Tour directors derive income from a variety of sources. If you total the different sources of income, then on a daily basis, a TD can typically earn $150 - $250 per tour day. Like many jobs, what you do to prepare for the job, and the paperwork involved before and after, are not paid.
Tax issues. There is much debate in the industry, and a number of lawsuits, as well, as to whether TDs are employees or independent contractors. Tour operators will provide W2s and 1099s during tax time for TDs to use in filing their taxes. Some Tour operators presume an amount of tips per tour and withhold taxes for the presumed amount, others leave it entirely up to the TD to declare tips. The TD needs to be clear on which approach is taken with each employer.
Wages or salary. It is common in the field for tour operators (TOs) to provide a daily wage, from $75 - $150 typically. The assumption here is the same as it is in the restaurant industry: employers pay low but actual wages, and presume that the employee will make up the balance in tips. Some TOs offer more, perhaps $300 per day, and generally do not allow TDs to accept tips.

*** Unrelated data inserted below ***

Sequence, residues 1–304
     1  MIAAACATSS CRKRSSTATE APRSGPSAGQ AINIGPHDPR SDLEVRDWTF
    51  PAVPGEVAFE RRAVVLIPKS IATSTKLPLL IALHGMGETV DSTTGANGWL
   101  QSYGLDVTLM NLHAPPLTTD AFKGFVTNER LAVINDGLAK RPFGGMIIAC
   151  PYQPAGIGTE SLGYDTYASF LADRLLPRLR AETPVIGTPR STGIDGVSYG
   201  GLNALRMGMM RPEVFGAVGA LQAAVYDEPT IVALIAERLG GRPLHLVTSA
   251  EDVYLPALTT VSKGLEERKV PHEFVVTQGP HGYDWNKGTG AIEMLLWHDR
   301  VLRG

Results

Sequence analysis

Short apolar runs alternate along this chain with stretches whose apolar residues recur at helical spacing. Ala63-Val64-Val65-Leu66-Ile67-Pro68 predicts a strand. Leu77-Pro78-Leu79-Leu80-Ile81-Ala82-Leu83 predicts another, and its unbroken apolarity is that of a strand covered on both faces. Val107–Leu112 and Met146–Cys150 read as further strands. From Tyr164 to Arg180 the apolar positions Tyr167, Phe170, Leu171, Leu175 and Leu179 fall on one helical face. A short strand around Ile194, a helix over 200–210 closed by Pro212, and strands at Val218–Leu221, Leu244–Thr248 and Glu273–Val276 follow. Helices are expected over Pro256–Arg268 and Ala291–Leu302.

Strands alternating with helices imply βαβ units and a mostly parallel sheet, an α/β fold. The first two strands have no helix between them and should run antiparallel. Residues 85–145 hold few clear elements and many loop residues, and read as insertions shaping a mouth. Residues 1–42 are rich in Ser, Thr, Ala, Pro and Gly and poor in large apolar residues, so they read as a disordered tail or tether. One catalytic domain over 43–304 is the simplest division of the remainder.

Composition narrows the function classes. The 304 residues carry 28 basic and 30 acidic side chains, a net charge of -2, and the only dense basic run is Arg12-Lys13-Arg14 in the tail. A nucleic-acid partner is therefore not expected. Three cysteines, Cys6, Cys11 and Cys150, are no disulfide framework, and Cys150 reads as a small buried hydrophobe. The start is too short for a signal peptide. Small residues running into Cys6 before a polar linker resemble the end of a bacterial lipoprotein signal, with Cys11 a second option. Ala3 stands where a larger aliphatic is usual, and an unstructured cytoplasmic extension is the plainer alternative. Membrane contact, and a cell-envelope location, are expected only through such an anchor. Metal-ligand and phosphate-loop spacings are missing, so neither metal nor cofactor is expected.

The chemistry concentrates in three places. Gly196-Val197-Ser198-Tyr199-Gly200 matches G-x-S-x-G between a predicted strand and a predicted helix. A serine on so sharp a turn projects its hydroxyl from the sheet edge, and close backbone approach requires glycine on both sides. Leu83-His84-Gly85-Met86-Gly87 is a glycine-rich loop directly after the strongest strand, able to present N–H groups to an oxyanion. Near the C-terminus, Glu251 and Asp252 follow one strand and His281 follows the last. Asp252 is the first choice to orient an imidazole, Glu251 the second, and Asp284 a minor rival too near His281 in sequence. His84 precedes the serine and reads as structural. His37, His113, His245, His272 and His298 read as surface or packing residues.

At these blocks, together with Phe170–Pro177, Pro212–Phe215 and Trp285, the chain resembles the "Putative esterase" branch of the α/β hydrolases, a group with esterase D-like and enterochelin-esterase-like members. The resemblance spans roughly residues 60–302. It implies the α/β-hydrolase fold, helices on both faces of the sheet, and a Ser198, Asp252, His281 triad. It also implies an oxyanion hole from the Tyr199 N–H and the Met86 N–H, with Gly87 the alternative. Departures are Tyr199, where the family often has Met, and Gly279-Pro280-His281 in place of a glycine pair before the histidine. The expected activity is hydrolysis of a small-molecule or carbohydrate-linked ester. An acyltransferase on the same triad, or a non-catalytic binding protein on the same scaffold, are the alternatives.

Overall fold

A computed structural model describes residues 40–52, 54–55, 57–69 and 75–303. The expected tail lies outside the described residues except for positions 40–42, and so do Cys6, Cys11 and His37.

Per diem. Tour operators pay TD expenses such as hotel, meals (either included in the tour or on-your-own), transit and transfers to gateway city. Often this is paid as a per diem amount of up to $35 typically, for which the TD does not have to provide a receipt in the post-tour paperwork.
Gratuities. TDs may NEVER request tips from guests; that's a pretty well-beaten path to being fired. Usually, their tour operator suggests that for them. TOs will provide written materials to guests, including tipping guidelines for the TD, the bus driver, and other service providers. Typically, TOs suggest somewhere in the range of $2 - $8 per guest (not per couple, though some guests interpret it that way), per tour day. TDs who direct tours for international guests will quickly realize that tipping, so much a part of American culture, is not part of other cultures, and leading such tours oftentimes results in lower tips.
Commissions. Some TOs do not allow their TDs to accept sales commissions, thinking that that promotes the TD making decisions of where to stop, based on their own financial benefit. Other TOs make arrangements with shops in advance of the trip, and the TD can only take people to that location. Still other TOs expect the TD to share the commission with the TO. And some have no stated preference. It is imperative that the TD be clear on what the employer's preference is, as making the wrong choice can cost a TD their job. Commissions can be a lucrative source of funds, yet it is a touchy subject in the industry. Another source of commissions with some TOs is optionals, the added activities TOs offer at additional cost to guests, and which are sold by the TDs on tour. Some TOs pay commission, some do not.
Positioning expenses. TDs come from all over the country, and it is common for a TO to hire a TD from the other side of the country, recognizing the value that that particular TD adds to the tour. Expenses involved in positioning the TD are borne by the TO: airline, hotel, meals, transportation.